|Year : 2020 | Volume
| Issue : 1 | Page : 38-41
Evaluation of the bond strength of posterior composites to the dentin, treated with four different desensitizing agents – An In vitro study
C H Laxmi Priya, Savitha B Naik, N Kiran Kumar, Seema Merwade, Biji Brigit, Pavithra Prabakaran
Department of Conservative Dentistry and Endodontics, Government Dental College and Research Institute, Bengaluru, Karnataka, India
|Date of Submission||26-Oct-2019|
|Date of Acceptance||14-Jan-2020|
|Date of Web Publication||29-Jul-2020|
Dr. C H Laxmi Priya
Department of Conservative Dentistry and Endodontics, Government Dental College and Research Institute, Bengaluru, Karnataka
Source of Support: None, Conflict of Interest: None
| Abstract|| |
Background: Postrestorative sensitivity is frequently associated with composite restorations. Dentin desensitizers are used commonly for the management of postrestorative sensitivity. This study aimed to evaluate the effect of four desensitizing agents on the bond strength of composite restoration. Materials and Methods: Sixty-five human premolars are used for the study. The occlusal surface of each tooth is flattened using a diamond disk to expose the dentin. The specimens are then etched with 35% phosphoric acid for 15 s and divided into five groups (n = 13) Group I – VivaSens, Group II – MS Coat F, Group III – Gluma, Group IV – Systemp, and Group V – Control. Single-step adhesive (Single Bond Universal, 3M) will be applied on the specimens and restored with composite material (Filtek Z350XT, 3 M). Shear bond strength is tested using universal testing machine at a crosshead speed of 1 mm/min. Statistically multiple group comparison was done using one-way analysis of variance followed by Tukey's test for group-wise comparison analysis. Results: Systemp desensitizer showed improved bond strength values than others desensitizers and control group. Conclusions: Systemp desensitizer can be considered as a promising option for preventing postoperative sensitivity associated with resin composite restorations without altering its shear bond strength to dentin.
Keywords: Desensitizer, Gluma, MS Coat F, postoperative sensitivity, Systemp, VivaSens
|How to cite this article:|
Priya C H, Naik SB, Kumar N K, Merwade S, Brigit B, Prabakaran P. Evaluation of the bond strength of posterior composites to the dentin, treated with four different desensitizing agents – An In vitro study. J Int Clin Dent Res Organ 2020;12:38-41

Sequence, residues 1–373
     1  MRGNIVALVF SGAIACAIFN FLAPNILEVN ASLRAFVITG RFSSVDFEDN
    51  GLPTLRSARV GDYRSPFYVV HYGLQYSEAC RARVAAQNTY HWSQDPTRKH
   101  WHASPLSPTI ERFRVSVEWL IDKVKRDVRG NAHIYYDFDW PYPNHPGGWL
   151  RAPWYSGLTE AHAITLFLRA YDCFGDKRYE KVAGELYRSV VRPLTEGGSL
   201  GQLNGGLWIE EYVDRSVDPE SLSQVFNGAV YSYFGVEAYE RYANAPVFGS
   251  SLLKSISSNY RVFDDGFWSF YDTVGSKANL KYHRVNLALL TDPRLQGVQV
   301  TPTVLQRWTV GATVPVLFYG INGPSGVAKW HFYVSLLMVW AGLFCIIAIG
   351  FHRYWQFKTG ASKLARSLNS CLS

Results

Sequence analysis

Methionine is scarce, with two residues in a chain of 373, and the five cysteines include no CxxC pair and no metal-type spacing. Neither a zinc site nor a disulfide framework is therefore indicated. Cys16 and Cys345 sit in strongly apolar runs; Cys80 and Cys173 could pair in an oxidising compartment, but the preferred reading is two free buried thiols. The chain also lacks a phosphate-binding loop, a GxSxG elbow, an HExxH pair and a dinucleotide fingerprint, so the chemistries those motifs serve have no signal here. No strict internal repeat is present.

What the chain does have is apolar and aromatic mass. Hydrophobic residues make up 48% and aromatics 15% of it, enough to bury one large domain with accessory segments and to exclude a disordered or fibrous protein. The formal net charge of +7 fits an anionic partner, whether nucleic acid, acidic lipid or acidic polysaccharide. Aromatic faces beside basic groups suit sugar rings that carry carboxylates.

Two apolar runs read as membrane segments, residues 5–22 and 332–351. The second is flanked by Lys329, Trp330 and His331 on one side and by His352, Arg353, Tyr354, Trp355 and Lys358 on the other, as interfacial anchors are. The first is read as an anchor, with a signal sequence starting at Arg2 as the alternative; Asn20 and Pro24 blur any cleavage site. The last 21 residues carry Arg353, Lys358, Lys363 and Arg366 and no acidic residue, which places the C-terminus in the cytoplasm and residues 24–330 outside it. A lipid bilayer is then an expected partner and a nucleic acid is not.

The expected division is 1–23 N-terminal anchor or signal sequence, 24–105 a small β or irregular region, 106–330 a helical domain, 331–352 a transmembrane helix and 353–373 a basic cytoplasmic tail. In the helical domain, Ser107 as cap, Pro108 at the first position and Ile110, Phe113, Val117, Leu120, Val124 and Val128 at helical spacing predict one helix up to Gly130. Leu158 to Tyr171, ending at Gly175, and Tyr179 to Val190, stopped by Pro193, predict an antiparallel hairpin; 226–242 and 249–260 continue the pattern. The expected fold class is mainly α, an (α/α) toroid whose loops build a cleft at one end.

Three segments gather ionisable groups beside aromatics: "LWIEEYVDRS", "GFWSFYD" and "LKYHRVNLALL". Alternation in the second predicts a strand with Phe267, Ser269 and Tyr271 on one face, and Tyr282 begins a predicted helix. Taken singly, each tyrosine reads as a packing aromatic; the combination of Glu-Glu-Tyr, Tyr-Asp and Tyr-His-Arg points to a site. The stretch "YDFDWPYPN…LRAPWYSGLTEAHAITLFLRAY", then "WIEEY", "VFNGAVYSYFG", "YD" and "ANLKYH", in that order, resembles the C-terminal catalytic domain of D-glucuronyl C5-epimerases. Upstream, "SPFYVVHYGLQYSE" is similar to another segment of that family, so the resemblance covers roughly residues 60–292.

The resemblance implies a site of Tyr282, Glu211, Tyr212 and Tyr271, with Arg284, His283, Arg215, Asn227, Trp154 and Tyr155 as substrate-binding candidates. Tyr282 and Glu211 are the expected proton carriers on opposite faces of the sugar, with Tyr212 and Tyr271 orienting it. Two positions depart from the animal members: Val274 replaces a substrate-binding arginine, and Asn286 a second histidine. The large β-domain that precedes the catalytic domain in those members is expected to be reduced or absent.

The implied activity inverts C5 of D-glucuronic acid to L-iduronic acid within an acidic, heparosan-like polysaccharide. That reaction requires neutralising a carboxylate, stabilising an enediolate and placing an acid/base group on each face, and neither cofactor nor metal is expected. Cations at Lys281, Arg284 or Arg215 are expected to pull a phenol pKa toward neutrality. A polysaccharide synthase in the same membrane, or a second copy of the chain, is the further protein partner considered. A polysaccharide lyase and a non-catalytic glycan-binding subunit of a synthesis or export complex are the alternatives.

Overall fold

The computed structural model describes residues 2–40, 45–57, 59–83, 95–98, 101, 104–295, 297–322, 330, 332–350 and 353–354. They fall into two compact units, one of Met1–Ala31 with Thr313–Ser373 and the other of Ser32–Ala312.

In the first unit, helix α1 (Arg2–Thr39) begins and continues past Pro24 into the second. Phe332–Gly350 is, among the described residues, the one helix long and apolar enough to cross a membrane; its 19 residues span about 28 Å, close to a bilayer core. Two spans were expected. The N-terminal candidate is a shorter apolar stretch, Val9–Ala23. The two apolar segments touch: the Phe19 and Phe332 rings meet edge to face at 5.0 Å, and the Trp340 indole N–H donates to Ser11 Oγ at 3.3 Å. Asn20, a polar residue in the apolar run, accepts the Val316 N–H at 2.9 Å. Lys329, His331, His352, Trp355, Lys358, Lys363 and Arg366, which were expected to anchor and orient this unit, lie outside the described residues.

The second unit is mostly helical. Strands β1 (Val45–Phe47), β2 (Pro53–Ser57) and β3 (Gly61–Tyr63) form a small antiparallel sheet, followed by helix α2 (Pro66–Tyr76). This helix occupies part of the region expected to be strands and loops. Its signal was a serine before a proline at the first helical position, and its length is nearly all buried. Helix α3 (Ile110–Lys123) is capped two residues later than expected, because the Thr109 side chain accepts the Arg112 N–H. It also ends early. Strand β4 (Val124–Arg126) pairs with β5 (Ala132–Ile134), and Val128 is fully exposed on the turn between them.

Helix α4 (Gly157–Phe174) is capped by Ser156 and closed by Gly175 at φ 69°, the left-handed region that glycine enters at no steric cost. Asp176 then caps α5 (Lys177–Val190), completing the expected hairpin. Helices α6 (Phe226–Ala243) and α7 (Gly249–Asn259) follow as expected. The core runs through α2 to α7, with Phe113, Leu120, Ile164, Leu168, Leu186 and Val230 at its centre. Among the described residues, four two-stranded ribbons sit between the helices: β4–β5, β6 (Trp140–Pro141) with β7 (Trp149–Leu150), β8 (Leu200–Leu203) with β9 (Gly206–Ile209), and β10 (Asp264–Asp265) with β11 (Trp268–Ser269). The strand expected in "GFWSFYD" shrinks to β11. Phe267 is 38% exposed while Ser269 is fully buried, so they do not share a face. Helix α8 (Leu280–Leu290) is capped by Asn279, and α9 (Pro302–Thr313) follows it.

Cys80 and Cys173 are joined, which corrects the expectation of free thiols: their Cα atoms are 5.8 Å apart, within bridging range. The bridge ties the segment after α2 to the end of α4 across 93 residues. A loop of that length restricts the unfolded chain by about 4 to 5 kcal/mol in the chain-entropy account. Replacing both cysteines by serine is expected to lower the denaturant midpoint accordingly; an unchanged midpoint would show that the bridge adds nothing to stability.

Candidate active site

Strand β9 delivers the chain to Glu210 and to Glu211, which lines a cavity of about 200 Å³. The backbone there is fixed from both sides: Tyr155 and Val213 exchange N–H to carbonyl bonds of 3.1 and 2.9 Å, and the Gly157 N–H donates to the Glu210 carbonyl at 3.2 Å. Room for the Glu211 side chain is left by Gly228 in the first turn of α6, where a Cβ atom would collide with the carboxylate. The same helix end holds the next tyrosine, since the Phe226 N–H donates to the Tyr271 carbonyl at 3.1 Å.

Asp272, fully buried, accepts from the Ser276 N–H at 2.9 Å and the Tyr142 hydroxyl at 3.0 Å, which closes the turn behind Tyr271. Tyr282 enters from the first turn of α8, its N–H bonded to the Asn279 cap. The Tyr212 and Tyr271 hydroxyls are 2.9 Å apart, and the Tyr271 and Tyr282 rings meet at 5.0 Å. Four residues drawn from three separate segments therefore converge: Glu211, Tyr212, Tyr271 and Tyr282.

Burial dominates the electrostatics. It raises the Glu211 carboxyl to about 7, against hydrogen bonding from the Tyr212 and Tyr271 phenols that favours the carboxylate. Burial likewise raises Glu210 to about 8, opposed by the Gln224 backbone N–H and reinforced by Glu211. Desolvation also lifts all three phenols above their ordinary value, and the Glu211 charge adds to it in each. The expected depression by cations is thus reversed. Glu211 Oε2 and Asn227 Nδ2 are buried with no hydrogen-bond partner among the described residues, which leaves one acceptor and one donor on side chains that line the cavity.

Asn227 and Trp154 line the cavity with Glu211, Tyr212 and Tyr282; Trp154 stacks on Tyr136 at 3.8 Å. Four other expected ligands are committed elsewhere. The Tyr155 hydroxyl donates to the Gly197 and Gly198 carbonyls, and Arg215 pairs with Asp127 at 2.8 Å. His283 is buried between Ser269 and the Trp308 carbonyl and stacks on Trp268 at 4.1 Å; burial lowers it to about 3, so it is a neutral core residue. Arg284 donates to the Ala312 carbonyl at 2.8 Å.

|How to cite this URL:|
Priya C H, Naik SB, Kumar N K, Merwade S, Brigit B, Prabakaran P. Evaluation of the bond strength of posterior composites to the dentin, treated with four different desensitizing agents – An In vitro study. J Int Clin Dent Res Organ [serial online] 2020 [cited 2020 Oct 23];12:38-41. Available from: https://www.jicdro.org/text.asp?2020/12/1/38/291115
| Introduction|| |
Postrestorative sensitivity is frequently associated with composite restorations. Dentin desensitizers are used commonly for the management of postoperative sensitivity. The dentin desensitizers obliterate the dentinal tubules, thereby reduce hypersensitivity. Postoperative sensitivity is commonly associated with the adhesives that necessitate conditioning of the dentin. Postoperative sensitivity can be caused by multiple factors and does not originate from one isolated aspect. It results from the interaction between the restorative technique, the clinical condition of the tooth to be treated, and the restorative material. Despite the advancements in material science, postoperative sensitivity following composite restoration still remains a drawback.
Various dentin desensitizing methods such as anti-inflammatory agents, adhesives, varnishes, tubular obliterating procedures, and lasers are applied on to the tooth surface after cavity preparation. The current desensitizer includes antibacterial agents such as benzalkonium chloride, triclosan, fluoride ethylenediaminetetraacetic acid, and glutaraldehyde. There are several components in the desensitizer, some of which may hamper the interaction between the dentin and composite resin, affecting the bond strength.